When my son was young, I really used hands on things to get points across to him. He loved puzzles and anything tactile, so when it came to measurements, I collected a slew of anything with measurements on it from the yard stick, sewing tape measure, rulers (all kinds~some folded, some where colorful, others were 6 inches others a foot), contruction metal tape measures, measuring spoons, measuring cups, 1/2 pint canning jars (jelly), pint jars, quarts, half-gallon, gallon, five gallon, and we had fun~I put colored water in them or gave him an "assignment" to measure something for me, like a window! We found an out of the way place for the linear measuring items that he could get to easily so whenever anything needed measurments; he would get them for me. For the volume measurements, we would use the water and he could sit and pour and play. I would talk to him as he did this. It was fun and so much learning was done.
To learn about fractions I used paper plates. A whole plate, one in fourths with 1/4 on each piece showing how they are added to become 2/4 or 1/2 ect...and 3/4 and 4/4 or ONE! We did it in 1/3s, with the same method and also into halves. This made it all so concrete and was really inexpensive. (I also used a paper plate to help them make a clock to tell time.) All you need is a paper brad, a piece of paper like cardstock or construction paper and a crayon or marker. Write the numbers and put the brad in the center with minute and hour hands. Let your child practice telling time! It can be a game~"What time is it?" showing a certain time. Also you can use this at naps or bedtime for young children to bring time into the concrete real world for them.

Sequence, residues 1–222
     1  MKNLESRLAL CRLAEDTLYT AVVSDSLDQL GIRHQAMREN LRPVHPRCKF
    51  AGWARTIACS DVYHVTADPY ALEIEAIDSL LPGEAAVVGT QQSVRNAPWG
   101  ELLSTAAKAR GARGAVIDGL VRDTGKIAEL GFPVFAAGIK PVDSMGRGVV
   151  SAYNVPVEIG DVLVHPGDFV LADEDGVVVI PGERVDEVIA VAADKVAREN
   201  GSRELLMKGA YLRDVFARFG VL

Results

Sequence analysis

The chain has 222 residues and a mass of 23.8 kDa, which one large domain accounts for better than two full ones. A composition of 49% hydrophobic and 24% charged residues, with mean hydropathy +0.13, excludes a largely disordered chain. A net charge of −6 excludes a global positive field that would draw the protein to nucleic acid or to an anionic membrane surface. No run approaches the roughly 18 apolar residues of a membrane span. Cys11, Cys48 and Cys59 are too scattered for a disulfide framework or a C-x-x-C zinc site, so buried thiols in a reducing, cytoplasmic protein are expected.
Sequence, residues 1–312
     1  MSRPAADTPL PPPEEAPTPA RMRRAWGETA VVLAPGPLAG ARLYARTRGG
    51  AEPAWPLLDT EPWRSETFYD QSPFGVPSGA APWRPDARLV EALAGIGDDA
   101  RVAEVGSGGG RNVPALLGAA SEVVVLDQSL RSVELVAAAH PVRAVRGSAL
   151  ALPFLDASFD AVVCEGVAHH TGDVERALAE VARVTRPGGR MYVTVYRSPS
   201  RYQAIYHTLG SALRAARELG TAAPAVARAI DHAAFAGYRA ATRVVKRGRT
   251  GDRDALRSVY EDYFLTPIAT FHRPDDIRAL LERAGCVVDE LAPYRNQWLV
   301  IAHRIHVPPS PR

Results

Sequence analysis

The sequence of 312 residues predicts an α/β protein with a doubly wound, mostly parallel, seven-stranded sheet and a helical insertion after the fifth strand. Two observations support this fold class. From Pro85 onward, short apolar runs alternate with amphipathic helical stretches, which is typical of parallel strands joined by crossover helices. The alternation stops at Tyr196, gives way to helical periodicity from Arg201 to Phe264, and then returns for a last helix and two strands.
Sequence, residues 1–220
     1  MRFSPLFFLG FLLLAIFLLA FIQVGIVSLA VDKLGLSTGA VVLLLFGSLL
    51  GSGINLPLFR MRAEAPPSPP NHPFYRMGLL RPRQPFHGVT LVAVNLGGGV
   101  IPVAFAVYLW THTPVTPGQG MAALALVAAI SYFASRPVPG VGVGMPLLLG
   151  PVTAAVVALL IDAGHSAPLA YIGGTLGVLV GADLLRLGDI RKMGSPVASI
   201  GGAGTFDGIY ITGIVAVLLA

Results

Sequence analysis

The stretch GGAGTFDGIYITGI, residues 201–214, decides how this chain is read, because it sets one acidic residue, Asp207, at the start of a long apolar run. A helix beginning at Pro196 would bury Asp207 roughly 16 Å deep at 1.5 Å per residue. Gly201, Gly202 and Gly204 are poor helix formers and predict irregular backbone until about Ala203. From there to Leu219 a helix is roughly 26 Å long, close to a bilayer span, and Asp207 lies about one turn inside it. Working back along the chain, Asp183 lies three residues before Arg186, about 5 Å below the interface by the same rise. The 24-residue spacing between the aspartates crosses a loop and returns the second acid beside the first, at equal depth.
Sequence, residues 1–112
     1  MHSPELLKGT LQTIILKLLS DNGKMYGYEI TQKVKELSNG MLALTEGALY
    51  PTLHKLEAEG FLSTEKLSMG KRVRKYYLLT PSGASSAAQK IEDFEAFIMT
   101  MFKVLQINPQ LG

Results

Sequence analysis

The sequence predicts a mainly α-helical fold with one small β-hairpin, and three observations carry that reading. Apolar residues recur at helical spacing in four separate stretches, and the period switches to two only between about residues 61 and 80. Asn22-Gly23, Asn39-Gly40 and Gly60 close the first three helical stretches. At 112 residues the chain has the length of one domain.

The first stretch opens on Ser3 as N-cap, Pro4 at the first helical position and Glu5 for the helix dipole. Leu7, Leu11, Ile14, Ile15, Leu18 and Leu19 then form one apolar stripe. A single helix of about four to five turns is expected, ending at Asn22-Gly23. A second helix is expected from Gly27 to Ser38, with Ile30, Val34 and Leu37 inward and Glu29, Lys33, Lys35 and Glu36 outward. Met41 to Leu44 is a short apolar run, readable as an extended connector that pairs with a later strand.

To teach time in another way besides the paper plate clock showing order and sequence, you can make a paper chain and string it into your child's room. Put the exact number of chains you are counting down with your child whether it is a holiday or an event like Sunday, the Lord's day of worship you want your child to look forward to each week. Each night as you tuck your little in bed, tare off a chain. Discuss the day of the week, and you can even have a calendar by the bedside too so that a number day of the month and name of the month become associated with time too. This helps with the questions of HOW MANY DAYS are left when your child can be involved in counting them LITERALLY down! This is so simple, but it works! You can also put a set of objects in a container and take each out one at a time so your child can see the number lowering. This would be a way to count objects too, which is a whole NUTHER MATH SKILL!! LOL!
Measuring everything can be done in easy and fun ways!